Sunday, March 1, 2009

TSP in OML (MS Solver Foundation)

In theory it is easy to formulate a TSP when the all-different constraint is present. Let x[i] be the ith city visited, an OML-like formulation could look like:

Model[
Parameters[Integers,N=14],
Parameters[Sets[Integers],city],
Parameters[Reals,dist[city,city]],
Decisions[Integers[0,N-1],x[city]],
Constraints[
Unequal[Foreach[{i,city},x[i]]]
],
Goals[
Minimize[Sum[{i,city},dist[x[i],x[i++1]]]]
]
]

This does not work completely. First, bounds can not contain a symbolic constant. Yuck: we need to write [0,13] as bounds:  Decisions[Integers[0,13],x[city]]. The objective has  a few more difficulties. There is no circular lead/lag operator in OML (like the -- or ++ operator in GAMS).  This can be solved by introducing a parameter next[city]. This can be calculated in Excel and imported in the OML model. Furthermore, we cannot use a variable as an index, so dist[x[i],x[next[i]]] is not a valid construct (some languages geared towards solving CSP problems allow this; it adds concise expressiveness to the language that may help the modeler). The error message indicates this is not related to OML per se but rather to solver support. Also it is not allowed to use something like FilteredSum[{j,city},j==x[i],...] (a condition in a FilteredSum cannot depend on a decision variable). The only thing I could think of was:

Minimize[Sum[{i,city},{j,city},{k,city},AsInt[j==x[i]]*AsInt[k==x[next[i]]]*dist[j,k]]]

Note that I used integers as set elements. I started with using data-binding through tables, using set elements {'city0','city1',...,'city13'}. This made the model somewhat more complicated, as x[i] is an integer. So the CSP formulation uses the simpler set {0,1,...,13} allowing us to operate on indices. (Some consider this bad modeling: in GAMS arithmetic on sets is actually discouraged, and needs a function ord()to convert the element — always a string in GAMS — to an integer). Unfortunately I was not able to solve the small 14 city example with the CSP solver using this formulation. (Even after adding City==0 as constraint). To check the input, I also tried a MIP formulation with Gurobi. That solved this small instance just fine.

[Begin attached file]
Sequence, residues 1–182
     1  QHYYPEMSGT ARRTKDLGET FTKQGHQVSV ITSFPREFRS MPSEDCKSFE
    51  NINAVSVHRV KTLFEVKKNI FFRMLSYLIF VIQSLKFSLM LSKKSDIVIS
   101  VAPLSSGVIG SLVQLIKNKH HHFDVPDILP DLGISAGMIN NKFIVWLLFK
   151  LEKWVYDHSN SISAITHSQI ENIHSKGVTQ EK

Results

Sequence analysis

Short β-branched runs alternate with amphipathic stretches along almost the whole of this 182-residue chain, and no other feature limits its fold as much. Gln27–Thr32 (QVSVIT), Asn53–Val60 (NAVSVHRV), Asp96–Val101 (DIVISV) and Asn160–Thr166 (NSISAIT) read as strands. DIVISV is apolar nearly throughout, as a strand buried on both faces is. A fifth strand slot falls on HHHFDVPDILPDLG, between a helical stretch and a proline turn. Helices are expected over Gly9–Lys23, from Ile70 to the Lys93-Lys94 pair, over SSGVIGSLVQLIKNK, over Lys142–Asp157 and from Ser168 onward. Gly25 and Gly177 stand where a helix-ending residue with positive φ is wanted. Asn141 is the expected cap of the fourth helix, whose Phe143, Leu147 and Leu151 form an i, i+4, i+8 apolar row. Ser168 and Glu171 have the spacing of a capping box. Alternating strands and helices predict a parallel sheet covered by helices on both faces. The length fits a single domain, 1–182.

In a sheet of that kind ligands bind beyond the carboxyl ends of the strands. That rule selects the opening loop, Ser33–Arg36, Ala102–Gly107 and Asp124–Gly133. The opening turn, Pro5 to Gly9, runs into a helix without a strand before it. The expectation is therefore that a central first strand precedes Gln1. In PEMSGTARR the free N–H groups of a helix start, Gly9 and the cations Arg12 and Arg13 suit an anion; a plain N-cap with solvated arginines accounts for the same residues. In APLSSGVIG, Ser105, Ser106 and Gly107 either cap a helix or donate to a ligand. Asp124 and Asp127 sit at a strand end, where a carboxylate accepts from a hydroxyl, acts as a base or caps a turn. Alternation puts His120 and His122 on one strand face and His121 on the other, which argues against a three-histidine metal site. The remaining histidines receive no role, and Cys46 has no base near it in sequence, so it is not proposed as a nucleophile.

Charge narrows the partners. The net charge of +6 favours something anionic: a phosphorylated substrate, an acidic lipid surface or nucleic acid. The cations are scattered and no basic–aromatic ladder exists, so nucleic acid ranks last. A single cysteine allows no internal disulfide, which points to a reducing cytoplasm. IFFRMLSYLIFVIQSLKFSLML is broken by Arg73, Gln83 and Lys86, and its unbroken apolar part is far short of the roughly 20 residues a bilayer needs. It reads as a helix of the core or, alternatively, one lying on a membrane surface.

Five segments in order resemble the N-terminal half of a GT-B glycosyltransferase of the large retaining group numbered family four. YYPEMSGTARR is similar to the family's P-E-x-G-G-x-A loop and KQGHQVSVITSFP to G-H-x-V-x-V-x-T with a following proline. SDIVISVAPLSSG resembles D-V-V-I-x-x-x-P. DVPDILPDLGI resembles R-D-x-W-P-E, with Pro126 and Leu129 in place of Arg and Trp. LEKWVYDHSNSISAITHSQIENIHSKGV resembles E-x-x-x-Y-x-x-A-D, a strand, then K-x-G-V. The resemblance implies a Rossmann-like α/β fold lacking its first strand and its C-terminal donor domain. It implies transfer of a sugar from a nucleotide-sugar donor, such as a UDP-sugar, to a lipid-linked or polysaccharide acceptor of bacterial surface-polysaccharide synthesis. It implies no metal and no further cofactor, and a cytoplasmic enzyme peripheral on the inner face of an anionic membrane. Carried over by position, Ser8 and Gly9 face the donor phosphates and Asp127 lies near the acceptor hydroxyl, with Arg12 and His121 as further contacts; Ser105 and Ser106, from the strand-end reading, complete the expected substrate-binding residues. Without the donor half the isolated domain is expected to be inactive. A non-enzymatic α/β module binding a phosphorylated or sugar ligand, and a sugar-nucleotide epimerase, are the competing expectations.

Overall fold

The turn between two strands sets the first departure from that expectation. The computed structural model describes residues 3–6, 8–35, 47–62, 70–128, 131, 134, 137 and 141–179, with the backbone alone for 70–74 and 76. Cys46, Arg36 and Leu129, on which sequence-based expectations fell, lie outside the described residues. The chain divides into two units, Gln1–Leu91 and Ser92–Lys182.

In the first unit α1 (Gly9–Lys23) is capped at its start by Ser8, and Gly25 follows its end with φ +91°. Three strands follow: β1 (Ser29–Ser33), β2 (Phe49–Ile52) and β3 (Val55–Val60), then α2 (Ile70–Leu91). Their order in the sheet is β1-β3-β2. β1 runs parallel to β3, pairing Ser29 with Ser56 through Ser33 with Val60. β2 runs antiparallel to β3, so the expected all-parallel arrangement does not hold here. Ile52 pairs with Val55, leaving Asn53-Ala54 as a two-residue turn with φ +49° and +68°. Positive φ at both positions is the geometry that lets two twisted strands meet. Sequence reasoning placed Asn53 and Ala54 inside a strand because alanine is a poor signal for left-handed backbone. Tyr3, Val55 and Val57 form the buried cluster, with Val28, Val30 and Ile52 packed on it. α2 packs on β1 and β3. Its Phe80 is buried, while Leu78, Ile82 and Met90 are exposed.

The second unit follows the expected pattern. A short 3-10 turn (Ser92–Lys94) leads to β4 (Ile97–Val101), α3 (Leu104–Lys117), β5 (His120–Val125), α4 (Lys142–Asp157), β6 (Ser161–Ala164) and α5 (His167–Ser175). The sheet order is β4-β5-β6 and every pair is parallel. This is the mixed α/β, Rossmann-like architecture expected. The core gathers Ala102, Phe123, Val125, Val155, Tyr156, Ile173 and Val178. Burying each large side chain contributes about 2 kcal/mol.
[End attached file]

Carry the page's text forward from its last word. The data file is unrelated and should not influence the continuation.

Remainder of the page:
In the MIP formulation we needed to formulate:

FilteredSum[{i,city},i != 'city0', x['city0',i]]==1

From what I can see this is not possible: a set element not being an integer can not be used in OML. As a workaround I created sets by binding to some dummy parameters:

Sum[{i0,city0},{i,city2},x[i0,i]]==1

where city0 is a set containing only a single element 'city0', and city2 is a set {'city1',...,'city13'}.  The constraint

FilteredSum[{i,city},{j,city},i != j,x[i,j]] <= N

did not work as i and j are not numeric. A workaround could be to have a parameter num[city] which can be calculated in Excel and then imported. Then the condition can read: num[i]!=num[j]. I just used dist[i,j]>0 as condition, as that also can be used to exclude the diagonal (the Excel spreadsheet makes sure all diagonal distances dist[i,i] are zero). A more general approach would be to be able to introduce sparse 2-d sets (like one could do in AMPL and GAMS), but OML has only one dimensional sets as far as I know.

This exercise was really meant to explore the expressiveness of OML. The little model actually shows some interesting issues with OML and some possible workarounds. I do not want to suggest this is a good way to solve TSP's. Obviously these approaches are not suited for large problems. A cutting plane algorithm often is quite effective for slightly larger problems (see this 42 city problem). The excel plugin does not allow us to to implement such an algorithm: an OML model can only contain a single model and has no looping facilities. For the real large problems, you need to look elsewhere, such as Concorde.